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Goodpasture syndrome

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Lungs and bronchial tree

Kidneys and ureters

Alternative Names
anti-GBM antibody disease

Goodpasture syndrome is a condition in which a person's own body attacks the lungs and kidneys. This may result in coughing up blood and rapid kidney failure.

What is going on in the body?
Goodpasture syndrome is a type of autoimmune disease, in which the person's body attacks its own tissue for unknown reasons. It occurs when a person's antibodies mistakenly attack the air-filled sacs of the lungs and the tiny filters in the kidneys. This can lead to rapid kidney failure and lung problems.

What are the signs and symptoms of the disease?
The symptoms of Goodpasture syndrome include: What are the causes and risks of the disease?
The cause of Goodpasture syndrome is unknown. It is more commonly seen in people who smoke, or have been exposed to hydrocarbons, such as petrol and paint thinners.

What can be done to prevent the disease?
There is no known way to prevent Goodpasture syndrome.

How is the disease diagnosed?
A person's symptoms may make a doctor suspect Goodpasture syndrome. The doctor may order laboratory tests, such as:
  • urinalysis and other urine tests, which can detect kidney damage
  • chest x-ray, which may show signs of swelling in the lungs
  • full blood count, or FBC, to detect anaemia, or a low red blood cell count
  • kidney function tests, to see how badly the kidney has been damaged
  • antibody titre blood test, to see if abnormal antibodies are present
  • biopsy of the kidney, to obtain tissue to be examined for signs of damage to the small filters of the kidney
What are the long-term effects of the disease?
If Goodpasture syndrome is not diagnosed and treated right away, the damage from the disease can lead to end-stage renal failure, in which the kidney ceases to function. Being exposed to hydrocarbons, smoking, and having a lung infection may increase a person's risk of bleeding from lungs with Goodpasture syndrome.

What are the risks to others?
Goodpasture syndrome is not contagious, and poses no risk to others.

What are the treatments for the disease?
Some of the treatments for Goodpasture syndrome include the following:
  • plasma exchange, or plasmaphoresis. This is a procedure in which the abnormal antibodies, along with other blood proteins, are filtered out of the blood. There are then fewer of these antibodies to cause damage to the kidneys and the lungs.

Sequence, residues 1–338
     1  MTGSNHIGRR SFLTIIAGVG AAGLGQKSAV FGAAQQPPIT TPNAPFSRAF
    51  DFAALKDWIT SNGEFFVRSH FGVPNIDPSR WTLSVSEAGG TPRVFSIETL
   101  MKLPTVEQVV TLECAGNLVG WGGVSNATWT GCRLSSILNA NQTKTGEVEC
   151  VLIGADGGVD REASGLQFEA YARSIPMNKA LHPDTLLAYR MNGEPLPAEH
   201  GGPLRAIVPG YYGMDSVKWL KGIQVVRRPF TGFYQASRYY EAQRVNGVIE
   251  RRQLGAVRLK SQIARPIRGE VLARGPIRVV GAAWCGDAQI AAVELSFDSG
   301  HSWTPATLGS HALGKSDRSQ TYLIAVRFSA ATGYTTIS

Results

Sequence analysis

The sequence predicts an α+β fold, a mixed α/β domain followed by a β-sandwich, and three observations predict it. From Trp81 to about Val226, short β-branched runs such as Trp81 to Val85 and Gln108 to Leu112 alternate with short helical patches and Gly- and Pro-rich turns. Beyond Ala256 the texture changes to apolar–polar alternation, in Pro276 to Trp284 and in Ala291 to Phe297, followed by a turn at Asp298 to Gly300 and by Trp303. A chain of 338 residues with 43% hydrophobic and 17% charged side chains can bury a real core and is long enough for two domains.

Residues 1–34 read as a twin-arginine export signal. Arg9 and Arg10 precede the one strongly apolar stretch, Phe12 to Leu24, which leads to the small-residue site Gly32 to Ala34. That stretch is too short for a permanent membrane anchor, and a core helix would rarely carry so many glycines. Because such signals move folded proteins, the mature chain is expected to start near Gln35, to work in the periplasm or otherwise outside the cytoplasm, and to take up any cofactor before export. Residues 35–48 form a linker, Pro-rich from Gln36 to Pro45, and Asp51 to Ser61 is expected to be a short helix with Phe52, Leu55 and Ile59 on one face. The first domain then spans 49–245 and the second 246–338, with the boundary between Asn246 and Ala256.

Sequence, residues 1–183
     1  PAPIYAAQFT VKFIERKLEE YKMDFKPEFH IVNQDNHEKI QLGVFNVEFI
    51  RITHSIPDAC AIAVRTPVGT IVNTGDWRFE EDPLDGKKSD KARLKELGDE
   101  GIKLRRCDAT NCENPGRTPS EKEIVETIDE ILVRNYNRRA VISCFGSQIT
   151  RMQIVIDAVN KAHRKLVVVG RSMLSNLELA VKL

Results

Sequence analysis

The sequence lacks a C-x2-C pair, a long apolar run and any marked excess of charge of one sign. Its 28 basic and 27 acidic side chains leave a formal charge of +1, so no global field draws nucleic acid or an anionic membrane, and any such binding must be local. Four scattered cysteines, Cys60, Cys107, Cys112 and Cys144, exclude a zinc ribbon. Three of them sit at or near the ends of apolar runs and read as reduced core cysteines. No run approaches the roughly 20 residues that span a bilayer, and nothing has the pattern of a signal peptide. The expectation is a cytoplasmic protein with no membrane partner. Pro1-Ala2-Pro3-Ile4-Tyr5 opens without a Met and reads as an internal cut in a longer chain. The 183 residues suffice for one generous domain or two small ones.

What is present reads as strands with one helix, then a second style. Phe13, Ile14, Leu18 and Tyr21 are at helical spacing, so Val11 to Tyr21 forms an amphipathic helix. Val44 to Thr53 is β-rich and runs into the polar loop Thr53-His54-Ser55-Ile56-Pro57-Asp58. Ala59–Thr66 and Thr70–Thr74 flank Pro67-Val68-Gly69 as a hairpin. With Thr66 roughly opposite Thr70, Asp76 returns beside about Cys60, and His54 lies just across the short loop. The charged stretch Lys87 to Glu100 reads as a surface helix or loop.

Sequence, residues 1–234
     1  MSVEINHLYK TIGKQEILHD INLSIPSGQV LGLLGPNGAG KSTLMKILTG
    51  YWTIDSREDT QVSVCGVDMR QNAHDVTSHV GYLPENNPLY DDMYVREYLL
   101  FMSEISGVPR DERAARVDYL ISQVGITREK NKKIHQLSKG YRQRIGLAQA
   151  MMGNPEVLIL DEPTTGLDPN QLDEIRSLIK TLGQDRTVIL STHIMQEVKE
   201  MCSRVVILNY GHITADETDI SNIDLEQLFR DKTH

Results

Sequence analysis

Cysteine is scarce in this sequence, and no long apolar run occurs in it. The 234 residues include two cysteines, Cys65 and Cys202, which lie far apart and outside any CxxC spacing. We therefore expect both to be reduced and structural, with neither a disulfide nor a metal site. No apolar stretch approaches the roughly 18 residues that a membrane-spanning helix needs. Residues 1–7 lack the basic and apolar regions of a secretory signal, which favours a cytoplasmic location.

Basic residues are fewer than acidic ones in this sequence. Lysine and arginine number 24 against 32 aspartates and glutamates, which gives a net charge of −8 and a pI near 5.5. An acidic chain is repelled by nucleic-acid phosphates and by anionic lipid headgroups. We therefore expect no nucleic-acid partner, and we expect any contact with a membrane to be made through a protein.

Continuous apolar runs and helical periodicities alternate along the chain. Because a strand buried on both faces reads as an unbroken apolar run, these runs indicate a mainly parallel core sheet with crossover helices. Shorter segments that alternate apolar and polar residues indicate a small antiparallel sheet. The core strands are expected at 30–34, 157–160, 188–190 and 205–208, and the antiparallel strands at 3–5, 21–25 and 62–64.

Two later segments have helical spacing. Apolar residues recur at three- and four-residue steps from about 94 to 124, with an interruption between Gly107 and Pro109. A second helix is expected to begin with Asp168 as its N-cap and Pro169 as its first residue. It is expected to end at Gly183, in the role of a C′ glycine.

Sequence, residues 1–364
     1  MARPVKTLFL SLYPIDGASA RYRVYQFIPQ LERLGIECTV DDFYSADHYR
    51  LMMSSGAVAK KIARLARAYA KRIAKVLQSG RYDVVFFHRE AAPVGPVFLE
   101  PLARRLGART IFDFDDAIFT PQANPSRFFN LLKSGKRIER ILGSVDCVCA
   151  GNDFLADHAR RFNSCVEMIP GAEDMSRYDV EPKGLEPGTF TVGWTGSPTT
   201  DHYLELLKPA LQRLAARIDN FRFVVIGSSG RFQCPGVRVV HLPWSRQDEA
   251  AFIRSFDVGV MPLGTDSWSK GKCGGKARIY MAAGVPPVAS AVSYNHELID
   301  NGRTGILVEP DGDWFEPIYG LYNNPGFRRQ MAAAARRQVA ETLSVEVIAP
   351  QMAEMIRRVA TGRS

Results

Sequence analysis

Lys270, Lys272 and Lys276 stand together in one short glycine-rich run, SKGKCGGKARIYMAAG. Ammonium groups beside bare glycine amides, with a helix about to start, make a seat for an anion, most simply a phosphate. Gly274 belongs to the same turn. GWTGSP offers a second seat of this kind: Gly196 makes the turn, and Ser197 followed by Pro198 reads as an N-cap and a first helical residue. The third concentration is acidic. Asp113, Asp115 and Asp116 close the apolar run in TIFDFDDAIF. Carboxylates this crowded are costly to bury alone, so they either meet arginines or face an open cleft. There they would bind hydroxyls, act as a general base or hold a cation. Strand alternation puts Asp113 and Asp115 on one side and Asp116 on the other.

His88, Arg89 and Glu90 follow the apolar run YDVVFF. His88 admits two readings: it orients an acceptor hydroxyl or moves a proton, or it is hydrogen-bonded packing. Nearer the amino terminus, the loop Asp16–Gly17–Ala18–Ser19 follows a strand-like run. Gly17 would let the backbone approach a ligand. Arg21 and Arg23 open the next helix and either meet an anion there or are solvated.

• steroids to treat inflammation in the lungs and kidneys
  • immunosuppressive medications, such as cyclophosphamide, to stop the white blood cells from making abnormal antibodies
If there is complete kidney failure, dialysis may be necessary. This is a procedure in which a machine filters the blood when the kidneys are no longer able to do so.

What are the side effects of the treatments?
The side effects depend on the treatment used.
  • Plasmaphoresis may remove proteins that help the blood clot. This can lead to bleeding.
  • Steroids and cyclophosphamide suppress the body's immune system. This means that the person is more at risk for infections.
  • Cyclophosphamide can sometimes cause bleeding from the bladder. Drinking large amounts of fluids reduces this risk.
What happens after treatment for the disease?
Even after it has been treated, Goodpasture syndrome can sometimes occur again. If a person needs dialysis when he or she is first treated, chances are that the kidney damage cannot be corrected.

How is the disease monitored?
The doctor should be contacted right away if there is blood in the urine or if the person coughs up blood. Regular urinalysis will be done to check for protein and blood in the urine. Kidney function tests and antibody titre tests will be done periodically to monitor kidney function and antibody formation.

Author: Rajnish K. Dhingra, MD
Reviewer: HealthAnswers Australia Medical Review Panel
Editor: Dr David Taylor, Chief Medical Officer HealthAnswers Australia
Last Updated: 1/10/2001
Potential conflict of interest information for reviewers available on request

This website and article is not a substitute for independent professional advice. Nothing contained in this website is intended to be used as medical advice and it is not intended to be used to diagnose, treat, cure or prevent any disease, nor should it be used for therapeutic purposes or as a substitute for your own health professional's advice.  All Health and any associated parties do not accept any liability for any injury, loss or damage incurred by use of or reliance on the information.


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